States Prepare to Rise to CO2 Challenge as Senate Climate Bill Collapses
The collapse of an energy reform proposal in Congress last week could return power to north America's historic actors on climate change: the regions.
May 4, 2010 | Source: The Guardian | by Suzanne Goldenberg
The collapse of an energy reform proposal in Congress last week could return power to north America’s historic actors on climate change: the regions.
In Washington, even Barack Obama’s fellow Democrats are reluctant to take up proposals in Congress that would put a cap on greenhouse gas emissions – prompting the sole Republican ally to withdraw his support.
In Ottawa, Canada’s prime minister, Stephen Harper, has adopted an action plan on climate change that would lead to an increase in greenhouse gas emissions over the next decade.
By default, that leaves regional governments as the drivers for tougher action on climate change in what is now becoming a familiar role, the White House admits.
“If the states hadn’t taken the positions they have in the last four or five years we wouldn’t have any programmes in place,” Carol Browner, the White House climate adviser, told reporters recently.
The power of regional governments to deal with climate change is coming into sharper focus because of the lack of progress on national and international agreements to deal with climate change – and because it is under threat. The climate proposals due to be unveiled before the Senate would strip state authorities of their power to act on climate change.
In a recent conference call with reporters, environmental authorities from a number of states argued their policies had helped set the pace for reform on a national stage, prodding the federal government forward and serving as a test lab for new policies.
Though Washington and Ottawa have yet to pass cap-and-trade legislation, 23 US states and four Canadian provinces have already put a price on carbon. Between them, the carbon cutting regimes will eventually cover half of America’s population and about a third of its emissions and about three-quarters of Canada’s population and half of its emissions.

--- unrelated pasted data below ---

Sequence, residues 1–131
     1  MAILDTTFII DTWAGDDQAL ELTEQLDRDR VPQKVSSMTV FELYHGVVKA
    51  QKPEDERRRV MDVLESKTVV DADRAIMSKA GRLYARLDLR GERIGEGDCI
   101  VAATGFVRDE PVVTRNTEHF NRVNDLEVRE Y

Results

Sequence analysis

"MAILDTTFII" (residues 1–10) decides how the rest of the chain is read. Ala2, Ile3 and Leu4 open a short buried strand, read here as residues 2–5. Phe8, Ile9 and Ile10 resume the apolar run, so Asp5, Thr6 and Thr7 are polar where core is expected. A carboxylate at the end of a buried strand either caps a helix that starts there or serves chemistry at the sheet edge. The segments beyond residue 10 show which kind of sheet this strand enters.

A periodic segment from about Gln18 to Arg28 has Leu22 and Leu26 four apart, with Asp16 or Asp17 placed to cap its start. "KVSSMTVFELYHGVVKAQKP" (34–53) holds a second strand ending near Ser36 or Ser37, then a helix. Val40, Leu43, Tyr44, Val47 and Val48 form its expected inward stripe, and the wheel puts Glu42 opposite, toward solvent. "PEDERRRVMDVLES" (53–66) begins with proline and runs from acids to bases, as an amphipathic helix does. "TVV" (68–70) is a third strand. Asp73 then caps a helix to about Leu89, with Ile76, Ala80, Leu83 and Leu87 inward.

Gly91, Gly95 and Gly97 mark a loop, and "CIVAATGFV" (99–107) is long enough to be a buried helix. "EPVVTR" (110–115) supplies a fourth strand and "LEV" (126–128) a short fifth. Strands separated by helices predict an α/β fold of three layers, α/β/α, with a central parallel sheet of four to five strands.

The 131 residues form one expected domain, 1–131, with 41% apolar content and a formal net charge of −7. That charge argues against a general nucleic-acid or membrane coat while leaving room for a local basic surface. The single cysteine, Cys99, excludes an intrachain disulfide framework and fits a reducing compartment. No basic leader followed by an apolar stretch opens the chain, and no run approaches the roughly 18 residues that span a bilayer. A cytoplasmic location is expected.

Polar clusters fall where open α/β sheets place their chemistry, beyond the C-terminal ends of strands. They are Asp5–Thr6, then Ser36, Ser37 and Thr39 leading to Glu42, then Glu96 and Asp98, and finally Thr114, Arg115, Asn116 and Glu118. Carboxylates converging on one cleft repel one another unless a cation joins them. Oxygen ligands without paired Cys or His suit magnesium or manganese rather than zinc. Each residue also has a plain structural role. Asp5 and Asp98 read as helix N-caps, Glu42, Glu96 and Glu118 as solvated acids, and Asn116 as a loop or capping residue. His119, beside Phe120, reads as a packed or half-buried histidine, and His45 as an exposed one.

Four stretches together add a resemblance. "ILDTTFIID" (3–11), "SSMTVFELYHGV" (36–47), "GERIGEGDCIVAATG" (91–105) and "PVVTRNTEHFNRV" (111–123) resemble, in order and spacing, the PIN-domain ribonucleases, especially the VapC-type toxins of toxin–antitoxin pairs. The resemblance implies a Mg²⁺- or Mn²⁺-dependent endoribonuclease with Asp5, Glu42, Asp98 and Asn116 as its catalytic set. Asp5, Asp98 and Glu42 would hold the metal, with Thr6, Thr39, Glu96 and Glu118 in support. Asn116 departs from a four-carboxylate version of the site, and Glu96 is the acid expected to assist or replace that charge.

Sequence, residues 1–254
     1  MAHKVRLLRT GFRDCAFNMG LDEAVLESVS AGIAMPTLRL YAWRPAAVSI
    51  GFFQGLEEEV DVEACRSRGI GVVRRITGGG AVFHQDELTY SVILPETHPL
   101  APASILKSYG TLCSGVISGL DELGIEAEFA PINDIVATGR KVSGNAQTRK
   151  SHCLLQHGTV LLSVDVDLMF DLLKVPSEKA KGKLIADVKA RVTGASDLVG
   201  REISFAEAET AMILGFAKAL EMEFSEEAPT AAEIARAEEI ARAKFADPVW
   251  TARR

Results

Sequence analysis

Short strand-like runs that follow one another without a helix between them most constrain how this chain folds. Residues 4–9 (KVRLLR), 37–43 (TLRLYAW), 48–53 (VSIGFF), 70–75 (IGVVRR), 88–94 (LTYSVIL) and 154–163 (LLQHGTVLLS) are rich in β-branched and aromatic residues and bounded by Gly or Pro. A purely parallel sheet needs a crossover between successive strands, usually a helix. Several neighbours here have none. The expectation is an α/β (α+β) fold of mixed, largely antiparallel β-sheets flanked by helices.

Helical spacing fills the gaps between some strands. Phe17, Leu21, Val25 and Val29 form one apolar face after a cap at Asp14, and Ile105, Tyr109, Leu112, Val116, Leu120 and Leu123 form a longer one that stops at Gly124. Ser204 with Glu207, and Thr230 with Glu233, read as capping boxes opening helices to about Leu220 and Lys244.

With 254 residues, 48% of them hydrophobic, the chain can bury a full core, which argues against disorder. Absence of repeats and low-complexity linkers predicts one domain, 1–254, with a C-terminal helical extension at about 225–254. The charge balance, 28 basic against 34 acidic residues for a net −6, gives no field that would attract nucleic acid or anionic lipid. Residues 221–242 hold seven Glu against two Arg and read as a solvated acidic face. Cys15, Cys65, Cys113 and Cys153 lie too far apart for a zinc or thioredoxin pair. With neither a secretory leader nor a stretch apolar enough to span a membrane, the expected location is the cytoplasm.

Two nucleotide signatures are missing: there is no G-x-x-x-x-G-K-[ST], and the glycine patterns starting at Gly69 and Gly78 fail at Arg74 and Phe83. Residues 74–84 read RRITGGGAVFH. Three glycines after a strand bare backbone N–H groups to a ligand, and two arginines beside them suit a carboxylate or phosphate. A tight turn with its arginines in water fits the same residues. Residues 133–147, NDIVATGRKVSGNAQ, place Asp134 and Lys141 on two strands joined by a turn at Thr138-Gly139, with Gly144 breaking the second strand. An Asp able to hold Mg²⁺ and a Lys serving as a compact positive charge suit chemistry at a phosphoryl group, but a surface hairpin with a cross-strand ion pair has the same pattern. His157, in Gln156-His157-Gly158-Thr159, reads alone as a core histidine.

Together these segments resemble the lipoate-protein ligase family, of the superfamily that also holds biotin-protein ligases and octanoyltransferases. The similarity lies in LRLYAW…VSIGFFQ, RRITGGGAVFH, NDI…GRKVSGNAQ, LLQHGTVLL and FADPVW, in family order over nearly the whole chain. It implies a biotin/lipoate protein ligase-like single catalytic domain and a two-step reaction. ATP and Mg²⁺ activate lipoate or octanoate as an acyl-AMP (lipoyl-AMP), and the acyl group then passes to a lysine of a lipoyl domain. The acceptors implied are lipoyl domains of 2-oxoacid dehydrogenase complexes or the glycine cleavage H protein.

“The bottom line here is that the federal government needs to explicitly recognise the value of state programmes,” Mary Nichols, who heads California’s air resources board, told reporters.
After leading the way on emissions cuts and vehicle exhaust standards, California is now looking at measures to reduce the greenhouse gas emissions from the plastic components used in car interiors. The state has also set high energy efficiency standards for flatscreen TVs.
Even some of the states that have not formally signed on to cap and trade are also moving away from fossil fuels. Colorado this month adopted a plan to meet 30% of its energy needs from renewable sources like wind and solar power by 2020. Arizona has put restrictions on wood burning fireplaces.
State authorities say such forward-looking policies simply make economic sense. Nichols said California’s climate law, which called for 25% reduction in greenhouse gas emissions by 2020, had led to the creation of 500,000 new green jobs in the state.
The same incentives hold true north of the border. Quebec, for example, has been relentlessly talking up its green credentials to help market its zero emissions hydro-electric power to north-eastern states. The provincial premier, Jean Charest, argues that the decentralised nature of authority in Canada and the US established regional governments as natural leaders.
“Regional governments everywhere account for 50% to 80% of what will be done to reduce greenhouse gas emissions,” he said. “We are the ones that are going to be the operating arm.”